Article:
How to Fill Seminar Seats at the Last Minute

As a seminar marketing coach, I often get calls from seminar promoters who are desperately trying to fill seats for events that take place within days. Sometimes the problem is that they didn’t start promoting early enough. Other times, they have been marketing their events for weeks, but without the desired response from their target market.

If you find yourself in a similar situation – with a large number of seats to fill in very few days – here are some ideas to try:

  1. Keep the faith.With most events, the normal registration curve shows a last-minute upswing in registrations. The closer you get, the more registrations will come in. With virtual events, most registrations arrive in the last 48 hours before an event. With a live event, registrations increase in the last week or two before the event. Do your best not to tune into the feelings of fear and anxiety that may be running through your body. Instead, hold a firm vision of success – picture your room overflowing with people who are eager to hear your message. Staying in a positive state will help you stay open to the opportunities that appear to help you fill your room. It will also enable you to act quickly in the days remaining before your event, rather than freezing with panic.
  2. Increase your marketing.Launching your marketing early enough is only one key to successfully filling a room. The second key is to stay in front of your list. The closer your event gets, the more frequently you should be in touch – even up to the minute it starts. There are people on your mailing list who are interested in your event, but who are on the fence about registering. Continuing to market to these individuals will help to nudge some of them into action. They are hesitating either because they are waiting to see if they can clear their schedules or because they aren’t fully convinced that attending your seminar is a good use of their time and money. Keep reminding them of how they’ll benefit – as well as what they’ll miss if they choose to skip this opportunity.
  3. Focus on locals.Some people will hop on a plane at the last minute to attend an event without any hesitation. Others won’t simply because of how much it costs to purchase airfare at the last minute, which is why it makes sense to direct extra marketing attention to locals – people who are within driving distance of your event.
  4. Know your VIPs.As you build your business, work to identify the prospects who are most likely to attend your events. Reach out to this group in the final days and weeks before your event to ensure that they know about the seminar, as well as to get their RSVP.
  5. Make a special offer.In addition to keeping up or increasing the frequency of your marketing, consider making a special offer to fill the remaining seats. Perhaps you offer a discounted price, extra bonuses, or a second ticket to share with a guest. Another option is to list your event on, a service that allows you to sell seminar seats at a discounted price in the final days before your event.
  6. Reach out and call someone.If you have a large list, consider doing a voice broadcast to let subscribers know that a few tickets are still available for your event. If you normally market via email, incorporating telemarketing may help your offer stand out from the clutter. If you have a small list, make courtesy calls to your best prospects and people who have expressed interest in your event. These are your best leads – you aren’t done marketing until they say “no thanks” to your event.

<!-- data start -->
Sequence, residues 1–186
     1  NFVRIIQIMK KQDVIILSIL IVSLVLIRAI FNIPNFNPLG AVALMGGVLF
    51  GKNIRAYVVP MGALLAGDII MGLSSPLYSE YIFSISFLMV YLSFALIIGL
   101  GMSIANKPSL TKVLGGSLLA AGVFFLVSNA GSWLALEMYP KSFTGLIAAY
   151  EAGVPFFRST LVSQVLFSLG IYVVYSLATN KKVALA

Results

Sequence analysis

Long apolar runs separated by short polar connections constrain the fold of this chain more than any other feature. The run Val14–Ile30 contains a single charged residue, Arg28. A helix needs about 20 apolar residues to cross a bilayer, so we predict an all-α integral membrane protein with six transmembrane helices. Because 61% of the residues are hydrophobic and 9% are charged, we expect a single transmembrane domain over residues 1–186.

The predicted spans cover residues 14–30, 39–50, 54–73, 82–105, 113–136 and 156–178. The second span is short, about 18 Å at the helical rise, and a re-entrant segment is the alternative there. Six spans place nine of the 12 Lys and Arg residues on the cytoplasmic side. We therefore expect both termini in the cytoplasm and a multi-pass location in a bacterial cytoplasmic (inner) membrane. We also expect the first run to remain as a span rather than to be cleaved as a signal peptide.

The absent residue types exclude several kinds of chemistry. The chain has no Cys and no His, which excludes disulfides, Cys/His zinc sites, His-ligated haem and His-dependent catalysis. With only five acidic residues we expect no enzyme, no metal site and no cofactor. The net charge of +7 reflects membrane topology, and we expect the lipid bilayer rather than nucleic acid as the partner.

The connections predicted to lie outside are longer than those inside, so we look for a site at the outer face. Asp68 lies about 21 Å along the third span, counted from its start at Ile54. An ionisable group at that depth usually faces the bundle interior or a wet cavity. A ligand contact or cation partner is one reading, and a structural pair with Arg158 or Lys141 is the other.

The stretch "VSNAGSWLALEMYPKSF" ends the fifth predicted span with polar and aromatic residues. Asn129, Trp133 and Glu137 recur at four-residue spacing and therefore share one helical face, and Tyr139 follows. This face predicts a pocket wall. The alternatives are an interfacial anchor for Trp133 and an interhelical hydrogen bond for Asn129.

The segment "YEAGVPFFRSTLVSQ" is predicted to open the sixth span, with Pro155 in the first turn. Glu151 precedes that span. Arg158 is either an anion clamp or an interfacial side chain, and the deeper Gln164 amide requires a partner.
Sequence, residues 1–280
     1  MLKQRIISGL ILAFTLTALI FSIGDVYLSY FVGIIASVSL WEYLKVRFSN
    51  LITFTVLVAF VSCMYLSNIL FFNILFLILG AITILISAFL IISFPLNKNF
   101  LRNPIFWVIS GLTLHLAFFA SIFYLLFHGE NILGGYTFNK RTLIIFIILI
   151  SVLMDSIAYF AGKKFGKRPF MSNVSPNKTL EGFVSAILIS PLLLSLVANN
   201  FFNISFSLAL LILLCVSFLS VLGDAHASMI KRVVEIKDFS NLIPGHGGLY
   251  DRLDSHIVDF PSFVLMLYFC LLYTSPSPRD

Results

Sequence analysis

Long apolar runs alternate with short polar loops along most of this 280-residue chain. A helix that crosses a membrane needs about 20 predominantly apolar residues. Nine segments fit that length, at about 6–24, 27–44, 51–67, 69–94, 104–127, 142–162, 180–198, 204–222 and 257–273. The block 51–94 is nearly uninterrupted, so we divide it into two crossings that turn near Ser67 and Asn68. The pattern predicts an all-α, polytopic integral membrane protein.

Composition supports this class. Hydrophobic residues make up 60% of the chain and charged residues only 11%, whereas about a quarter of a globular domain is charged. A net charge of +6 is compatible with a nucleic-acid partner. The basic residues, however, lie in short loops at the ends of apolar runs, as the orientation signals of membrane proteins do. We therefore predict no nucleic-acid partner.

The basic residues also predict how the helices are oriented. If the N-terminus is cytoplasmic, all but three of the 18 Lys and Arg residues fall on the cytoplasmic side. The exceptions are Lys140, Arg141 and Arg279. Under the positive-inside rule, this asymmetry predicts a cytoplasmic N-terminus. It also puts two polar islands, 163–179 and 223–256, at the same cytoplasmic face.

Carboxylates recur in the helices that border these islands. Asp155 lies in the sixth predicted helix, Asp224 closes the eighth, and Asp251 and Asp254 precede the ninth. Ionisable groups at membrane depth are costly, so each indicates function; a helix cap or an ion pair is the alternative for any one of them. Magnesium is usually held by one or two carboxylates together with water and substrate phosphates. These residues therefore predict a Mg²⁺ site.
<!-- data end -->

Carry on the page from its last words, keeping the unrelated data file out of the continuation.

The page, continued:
7. Network.Work your connections and talk to everyone you meet about your seminar. Be very clear about who should attend, how they’ll benefit and what your special offer is. Talk to affiliate and joint venture partners, current and past clients, colleagues, members of associations you belong to, networking groups and chambers of commerce in your area. My colleague Dr. George Huang of filled his first workshop in less than two weeks, largely through very persistent networking.
  8. Enlist your social networks.Talk about your event on Facebook, LinkedIn and Twitter. Be sure to include a link to your sales page so that people who are intrigued by the posts they’re seeing can get full details about your event. In addition to updates, share interesting tips, intriguing ideas and curiosity-provoking questions to get people clicking your link. For example, instead of relying only on posts like “Only 2 days left until my seminar,” incorporate messages like “Learn the 7 mistakes that kill marketing response.”
  9. Publicize your events.In addition to sending press releases to the various publications read by members of your target audience, don’t overlook online event calendars. Many publications and web sites have calendars of upcoming events; you often can post your own listings. People who read event calendars are open to attending events, obviously… so put your event in front of interested prospects.

Are these techniques guaranteed to fill your seminar in a matter of days? Unfortunately, no. But they are the techniques that successful promoters use to market their seminars. If you don’t see a boost in your registrations, you at least will have the satisfaction of knowing that you’ve done all you can to promote your seminar. After your event, take note of what you’ve done and the results you’ve achieved. Then begin mapping out the plan for improving your promotions the next time you offer your seminar.

Source by Jenny Hamby

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